Ah, Xmas, mistletoe, Xmas trees, snow, hot roast dinners with Yorkshire pud, plum puddings with threepences in. Could be at Manor Farm with the Pickwick Club could we not? Except we’re not. We’re in Western Australia in the 1950s. The temperature outside is 40 degrees C, inside hotter as the wood-fired oven cooks the roast chicken and potatoes. The “snow” is artificial, powder sprinkled on a northern hemisphere pine. The assembled family are sweating with the heat. The children are demanding to go to the beach but being told to shoosh because it was Xmas. Ah yes, the Dickens Xmas, the Prince Albert Xmas, just one of the many inappropriate things exported from Britain to its former colony in the south seas.
It would have been better for the Australian environment if, on 26 January 1788, the ships rounding the Heads into Sydney Harbour, had contained not English, Irish, Scots and Welsh soldiers and convicts, but settlers from southern Africa, Middle East, western China, or Chile.
Thing is the British soldiers, convicts, and later free settlers all brought with them a great deal of cultural baggage. It wasn’t just that the seasonal greetings and celebrations of Xmas were taking part in a totally inappropriate environmental setting, so was everything else. The heavy clothing that was worn, the inappropriate housing that was built, also would have been better discarded on the London or Liverpool docks. Those things, like Xmas celebrations, didn’t matter much, apart from generations to come feeling discomfort, especially in Summer. They were retained, like the monarchy, long past their rational use-by dates as a way for strangers in a strange land to cling to their heritage.
But there was other cultural baggage, unrecognised for many years, which was much more important and damaging. They were coming from a small island country which had, in no particular order: plenty of water; managed forests of deciduous trees; deep soils; island climate with the added impact of the Gulf Stream; no catastrophic events, notably drought or fire; a fear of “wilderness”; the removal of any animals perceived as a threat; the presence of a number of species which had, it would turn out, enormous potential to become pests in a new environment.
People were coming to a country where those things were not true, the reverse in fact, but they would perceive it through eyes conditioned to the natural world of Britain. Just as they brought hot Xmas dinners and three-piece woollen suits, they also began stocking the country with British animals so they would feel at home, could continue hunting. In came (almost unbelievably) foxes, rabbits, hares, sparrows, starlings, blackbirds, most of which would go on to become pests that would damage the environment on a catastrophic scale. In came willows, poplars, pines, oaks, elms, to replace the despised native trees cut down and burnt. Anything un-Australian was prized.
They would clear land whose thin top soil was only being held there by vegetation; pump water from streams that were only seasonal, from rivers whose flow was very irregular; stock land at high rates according to what a really good season could support, as if the good times would never end; plant monoculture crops over huge areas; pretend that eucalypt forests could be “managed”, initially by cutting down trees, later by use of fire; hunt and wipe out thylacines, and so on. [Oddly perhaps, they didn't bring with them the one practice, hedgerows, which would have been a plus in Australia]. Farming practices that had evolved over thousands of years to suit British conditions, were applied indiscriminately to a continent that hadn’t evolved to cope with them. But people were comfortable with retained Britishness in land management as in everything else, and so forests were cleared, land was overgrazed, rivers and irrigation basins were drained, topsoil blew away, species became extinct.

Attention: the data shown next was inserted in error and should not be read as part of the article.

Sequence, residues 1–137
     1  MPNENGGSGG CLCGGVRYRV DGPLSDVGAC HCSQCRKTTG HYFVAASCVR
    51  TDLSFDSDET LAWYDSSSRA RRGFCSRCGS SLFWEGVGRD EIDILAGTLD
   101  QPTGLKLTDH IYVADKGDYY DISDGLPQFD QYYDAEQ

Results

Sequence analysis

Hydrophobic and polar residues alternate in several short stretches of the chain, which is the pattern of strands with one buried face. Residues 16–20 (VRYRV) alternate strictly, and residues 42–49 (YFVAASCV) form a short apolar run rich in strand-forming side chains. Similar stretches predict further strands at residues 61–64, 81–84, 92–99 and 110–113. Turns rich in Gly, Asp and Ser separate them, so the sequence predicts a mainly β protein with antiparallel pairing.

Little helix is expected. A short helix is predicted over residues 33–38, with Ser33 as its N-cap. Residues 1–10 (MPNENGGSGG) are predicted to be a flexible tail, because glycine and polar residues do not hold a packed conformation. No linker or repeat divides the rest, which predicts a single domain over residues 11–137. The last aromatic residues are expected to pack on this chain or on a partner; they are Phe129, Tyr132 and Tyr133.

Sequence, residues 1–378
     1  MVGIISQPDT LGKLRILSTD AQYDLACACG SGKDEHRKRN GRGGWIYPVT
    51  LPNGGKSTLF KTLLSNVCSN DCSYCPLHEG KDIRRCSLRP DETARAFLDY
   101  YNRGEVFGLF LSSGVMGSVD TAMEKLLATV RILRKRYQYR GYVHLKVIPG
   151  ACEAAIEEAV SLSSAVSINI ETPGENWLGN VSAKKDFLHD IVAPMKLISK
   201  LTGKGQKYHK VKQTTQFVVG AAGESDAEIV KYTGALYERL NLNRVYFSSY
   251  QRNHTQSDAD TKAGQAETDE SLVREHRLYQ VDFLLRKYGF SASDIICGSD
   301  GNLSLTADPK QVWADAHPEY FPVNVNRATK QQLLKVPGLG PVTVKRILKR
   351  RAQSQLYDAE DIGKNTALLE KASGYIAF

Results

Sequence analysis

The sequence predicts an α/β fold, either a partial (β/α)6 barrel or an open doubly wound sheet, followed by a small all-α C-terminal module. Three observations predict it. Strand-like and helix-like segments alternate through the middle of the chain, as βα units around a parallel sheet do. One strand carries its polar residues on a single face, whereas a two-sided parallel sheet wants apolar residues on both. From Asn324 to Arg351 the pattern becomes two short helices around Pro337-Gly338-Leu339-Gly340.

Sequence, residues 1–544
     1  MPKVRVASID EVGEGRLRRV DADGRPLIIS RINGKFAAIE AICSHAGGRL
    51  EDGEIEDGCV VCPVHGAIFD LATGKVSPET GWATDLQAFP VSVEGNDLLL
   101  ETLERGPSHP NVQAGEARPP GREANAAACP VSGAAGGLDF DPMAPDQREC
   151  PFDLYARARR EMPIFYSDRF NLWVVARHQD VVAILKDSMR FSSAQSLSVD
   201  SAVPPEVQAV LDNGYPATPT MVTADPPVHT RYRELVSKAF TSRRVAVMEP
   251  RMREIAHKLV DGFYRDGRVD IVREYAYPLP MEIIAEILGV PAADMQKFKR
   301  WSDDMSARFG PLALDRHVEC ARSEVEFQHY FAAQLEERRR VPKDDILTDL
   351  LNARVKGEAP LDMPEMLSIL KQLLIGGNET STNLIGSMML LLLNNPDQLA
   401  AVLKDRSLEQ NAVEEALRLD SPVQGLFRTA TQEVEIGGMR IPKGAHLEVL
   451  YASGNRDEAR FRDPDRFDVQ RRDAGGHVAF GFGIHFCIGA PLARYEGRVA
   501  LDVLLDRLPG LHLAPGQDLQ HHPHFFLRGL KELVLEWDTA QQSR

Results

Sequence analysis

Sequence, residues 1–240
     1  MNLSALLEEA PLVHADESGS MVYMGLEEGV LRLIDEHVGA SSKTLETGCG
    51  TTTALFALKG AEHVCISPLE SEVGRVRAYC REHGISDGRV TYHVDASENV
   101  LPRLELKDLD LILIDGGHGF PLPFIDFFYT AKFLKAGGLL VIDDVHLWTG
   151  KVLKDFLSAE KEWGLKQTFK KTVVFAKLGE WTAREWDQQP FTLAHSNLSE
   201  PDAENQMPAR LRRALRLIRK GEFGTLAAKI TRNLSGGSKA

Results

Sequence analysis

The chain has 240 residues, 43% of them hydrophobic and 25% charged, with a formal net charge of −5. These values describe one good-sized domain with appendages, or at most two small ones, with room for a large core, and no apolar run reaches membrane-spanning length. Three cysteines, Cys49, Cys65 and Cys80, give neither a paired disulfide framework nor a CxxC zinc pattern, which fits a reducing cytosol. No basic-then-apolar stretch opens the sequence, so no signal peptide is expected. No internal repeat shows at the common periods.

Things have gradually changed. Hot roast dinners have mostly given way to backyard barbecues, or salads and seafood at the beach. Houses are better designed for climate extremes (and are beginning to incorporate energy-saving and solar panels to make use of the Australian sunshine). Still have suits and ties of course (in spite of the efforts of one state premier in the 70s to popularise light “safari suits” for business wear), and still have the monarchy, but hey, some things take time.
Land management change takes time too. Oh a lot has been learnt about dry land farming, preparing for droughts, stocking rates, crop and stock varieties, working thin soils, being more efficient with water and chemical use, and so on. There has been a big development of wind breaks, equivalent in a sense to the British hedgerow. On the other hand forests and woodlands are still being woodchipped or cleared at high rates, with massive outcries at any attempt to slow down let alone stop it; irrigation, including, astonishingly, for crops like cotton and rice, is still full steam ahead, again with massive reaction whenever there is a suggestion it might be reduced; killing of native species goes on as frequently as it ever did; people are still talking nonsense about using fire and “thinning” to “manage” forests; and many farmer’s organisations are still hotbeds of climate change denial (change that will decisively demonstrate that we are not living in Britain). A long way to go, and no time.
Time we became un-British (well, except for cricket of course).